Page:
Rochdale vicar arrested on immigration fraud charges: The Church of England Newspaper, March 18, 2011 p 6. March 19, 2011

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Canon Patrick Magumba

First published in The Church of England Newspaper.

A Manchester vicar has been arrested for allegedly conducting hundreds of sham marriages to help immigrants fraudulently obtain visas.

On March 13, the Archdeacon of Rochdale told the congregation of St. Peter’s Church in Newbold, Rochdale, that their Team Vicar, Canon Patrick Magumba, had been arrested and the rectory and church searched by officers of the UK Border Agency in connection with an investigation of sham marriages in the North West.

Canon Magumba, a Ugandan immigrant and Team Vicar for the South Rochdale Team Ministry of St Peter’s, Newbold, St Luke’s Deeplish, and St Mary’s, Balderstone has since been released on bail.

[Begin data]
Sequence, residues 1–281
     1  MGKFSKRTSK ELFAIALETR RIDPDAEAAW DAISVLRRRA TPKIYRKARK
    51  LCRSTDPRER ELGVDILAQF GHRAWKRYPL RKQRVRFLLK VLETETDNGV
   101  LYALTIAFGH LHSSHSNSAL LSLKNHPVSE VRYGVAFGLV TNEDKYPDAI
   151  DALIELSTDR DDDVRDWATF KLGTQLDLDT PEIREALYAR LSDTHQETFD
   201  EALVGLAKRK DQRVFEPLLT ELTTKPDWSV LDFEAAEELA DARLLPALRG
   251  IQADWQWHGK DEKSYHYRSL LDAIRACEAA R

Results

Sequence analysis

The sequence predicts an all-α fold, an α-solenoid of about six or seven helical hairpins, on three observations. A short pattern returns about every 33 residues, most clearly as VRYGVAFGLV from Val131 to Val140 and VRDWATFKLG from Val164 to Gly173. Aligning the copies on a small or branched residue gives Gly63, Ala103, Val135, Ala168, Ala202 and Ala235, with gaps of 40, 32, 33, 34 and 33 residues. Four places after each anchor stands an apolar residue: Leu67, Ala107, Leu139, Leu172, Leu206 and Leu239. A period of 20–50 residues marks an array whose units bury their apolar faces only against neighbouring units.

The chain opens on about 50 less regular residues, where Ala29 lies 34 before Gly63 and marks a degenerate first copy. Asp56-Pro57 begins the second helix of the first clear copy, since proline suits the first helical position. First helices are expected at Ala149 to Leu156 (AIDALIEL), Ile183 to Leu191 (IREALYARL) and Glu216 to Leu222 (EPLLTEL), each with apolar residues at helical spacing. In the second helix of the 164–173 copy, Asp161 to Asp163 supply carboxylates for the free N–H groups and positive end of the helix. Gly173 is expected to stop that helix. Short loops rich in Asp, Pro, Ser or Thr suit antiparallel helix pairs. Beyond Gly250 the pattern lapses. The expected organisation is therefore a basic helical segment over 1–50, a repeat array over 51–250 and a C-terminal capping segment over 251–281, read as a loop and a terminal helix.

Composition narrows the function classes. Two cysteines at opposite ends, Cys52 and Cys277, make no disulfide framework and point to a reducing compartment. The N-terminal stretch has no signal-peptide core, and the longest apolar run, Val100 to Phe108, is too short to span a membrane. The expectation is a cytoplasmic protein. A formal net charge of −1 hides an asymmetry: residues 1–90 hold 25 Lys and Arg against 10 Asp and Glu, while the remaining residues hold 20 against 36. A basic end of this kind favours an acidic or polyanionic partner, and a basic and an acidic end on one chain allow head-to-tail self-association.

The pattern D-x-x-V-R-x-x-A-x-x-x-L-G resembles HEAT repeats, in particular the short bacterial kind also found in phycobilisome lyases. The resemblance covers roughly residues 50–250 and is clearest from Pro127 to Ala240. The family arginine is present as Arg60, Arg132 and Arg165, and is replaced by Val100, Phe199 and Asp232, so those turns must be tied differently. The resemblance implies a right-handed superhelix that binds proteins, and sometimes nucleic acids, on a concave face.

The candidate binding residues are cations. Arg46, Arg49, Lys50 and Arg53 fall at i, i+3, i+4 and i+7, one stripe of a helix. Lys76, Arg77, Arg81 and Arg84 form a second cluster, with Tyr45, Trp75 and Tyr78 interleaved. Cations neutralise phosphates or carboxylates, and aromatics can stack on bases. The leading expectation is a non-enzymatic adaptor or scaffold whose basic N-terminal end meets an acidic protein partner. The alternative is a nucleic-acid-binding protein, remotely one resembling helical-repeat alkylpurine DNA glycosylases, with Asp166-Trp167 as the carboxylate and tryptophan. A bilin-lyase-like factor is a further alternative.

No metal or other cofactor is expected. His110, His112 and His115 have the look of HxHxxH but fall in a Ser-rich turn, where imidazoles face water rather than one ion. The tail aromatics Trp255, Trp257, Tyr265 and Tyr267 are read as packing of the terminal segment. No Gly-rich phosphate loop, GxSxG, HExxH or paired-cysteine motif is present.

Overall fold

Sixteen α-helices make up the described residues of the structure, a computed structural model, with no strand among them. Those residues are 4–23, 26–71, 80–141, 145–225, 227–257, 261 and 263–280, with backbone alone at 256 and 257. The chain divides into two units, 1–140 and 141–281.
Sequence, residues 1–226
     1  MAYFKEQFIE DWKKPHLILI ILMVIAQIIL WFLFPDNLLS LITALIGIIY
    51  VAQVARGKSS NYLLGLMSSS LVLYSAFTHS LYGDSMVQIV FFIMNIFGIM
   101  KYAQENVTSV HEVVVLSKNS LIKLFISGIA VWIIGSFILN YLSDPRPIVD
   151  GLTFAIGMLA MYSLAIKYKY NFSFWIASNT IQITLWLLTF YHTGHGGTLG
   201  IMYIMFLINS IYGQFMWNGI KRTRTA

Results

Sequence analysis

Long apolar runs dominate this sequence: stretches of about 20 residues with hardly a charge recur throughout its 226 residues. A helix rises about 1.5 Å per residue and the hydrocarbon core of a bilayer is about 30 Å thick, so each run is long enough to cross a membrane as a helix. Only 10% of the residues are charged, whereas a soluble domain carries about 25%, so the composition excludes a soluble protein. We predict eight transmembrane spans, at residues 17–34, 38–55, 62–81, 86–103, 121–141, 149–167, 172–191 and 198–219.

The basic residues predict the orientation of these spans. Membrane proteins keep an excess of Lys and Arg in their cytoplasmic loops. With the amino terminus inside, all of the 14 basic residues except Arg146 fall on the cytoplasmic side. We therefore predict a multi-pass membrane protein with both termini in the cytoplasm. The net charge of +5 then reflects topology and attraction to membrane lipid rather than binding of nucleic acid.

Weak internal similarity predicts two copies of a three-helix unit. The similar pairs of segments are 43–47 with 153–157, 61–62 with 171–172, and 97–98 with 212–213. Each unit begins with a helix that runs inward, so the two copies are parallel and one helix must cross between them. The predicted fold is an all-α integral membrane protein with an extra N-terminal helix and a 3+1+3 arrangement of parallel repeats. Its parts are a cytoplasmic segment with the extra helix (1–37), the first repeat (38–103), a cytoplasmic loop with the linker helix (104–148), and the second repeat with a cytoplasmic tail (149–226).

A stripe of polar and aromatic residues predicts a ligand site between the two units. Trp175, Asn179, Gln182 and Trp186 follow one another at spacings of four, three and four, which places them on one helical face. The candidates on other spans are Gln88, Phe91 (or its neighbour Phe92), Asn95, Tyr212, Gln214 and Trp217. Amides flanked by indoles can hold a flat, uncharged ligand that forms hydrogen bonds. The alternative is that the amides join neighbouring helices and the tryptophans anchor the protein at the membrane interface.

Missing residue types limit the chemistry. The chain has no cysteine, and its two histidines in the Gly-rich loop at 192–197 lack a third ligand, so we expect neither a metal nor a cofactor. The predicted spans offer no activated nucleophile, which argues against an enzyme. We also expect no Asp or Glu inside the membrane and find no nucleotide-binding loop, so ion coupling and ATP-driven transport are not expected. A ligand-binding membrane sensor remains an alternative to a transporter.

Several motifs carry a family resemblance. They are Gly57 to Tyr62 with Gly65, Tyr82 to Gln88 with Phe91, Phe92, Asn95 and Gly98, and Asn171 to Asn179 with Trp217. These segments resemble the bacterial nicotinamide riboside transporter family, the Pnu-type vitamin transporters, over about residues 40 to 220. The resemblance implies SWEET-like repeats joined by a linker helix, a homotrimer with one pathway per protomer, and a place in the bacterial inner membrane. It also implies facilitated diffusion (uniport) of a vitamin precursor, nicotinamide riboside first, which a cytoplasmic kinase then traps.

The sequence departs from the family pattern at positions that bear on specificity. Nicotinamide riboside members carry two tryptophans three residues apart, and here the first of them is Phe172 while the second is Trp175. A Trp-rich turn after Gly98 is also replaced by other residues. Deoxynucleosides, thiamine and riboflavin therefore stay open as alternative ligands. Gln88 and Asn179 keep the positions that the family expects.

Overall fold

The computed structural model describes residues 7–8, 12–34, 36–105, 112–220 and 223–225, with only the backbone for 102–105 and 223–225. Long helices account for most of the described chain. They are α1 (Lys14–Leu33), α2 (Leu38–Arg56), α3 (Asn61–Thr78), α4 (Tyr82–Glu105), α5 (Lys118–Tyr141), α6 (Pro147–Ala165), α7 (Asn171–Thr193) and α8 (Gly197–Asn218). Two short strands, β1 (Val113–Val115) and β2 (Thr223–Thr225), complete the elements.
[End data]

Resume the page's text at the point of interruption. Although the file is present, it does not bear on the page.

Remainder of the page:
A spokesman for the diocese confirmed Canon Magumba had been “questioned by the immigration crime team over irregularities in relation to weddings.

“He will continue to help the authorities with their enquiries over the coming weeks.”

“Following proper procedures,” Manchester Bishop Nigel McCulloch suspended Canon Magumba’s “licence to operate as a minister of religion while the investigations continue,” a church spokesman told the Manchester Evening News.

Last year the Rev. Alex Brown was convicted of having conducted almost 200 sham marriages at his East Sussex church, while two East London clergymen, the Rev. Brian Shipsides and the Rev. Elwon John were arrested for allegedly conducting sham marriages.

On March 13, 2010 the Crown Prosecution Service presented formal charges against the two Diocese of Chelmsford clergymen of conspiring to facilitate entry and to obtain indefinite leave to remain in the UK in breach of immigration law by allegedly conducting approximately 200 sham marriages at All Saints Church, Forest Gate, between December 2007 and July 2010.

The Crown Prosecution Service (CPS) said the alleged fake unions were between EU and non-EU residents.

The pair will appear at Stratford Magistrates’ Court on March 18.

By marrying a EU national, an immigrant is entitled to apply for permission to stay in Britain as a ‘spouse’, with access to free healthcare, education and benefits.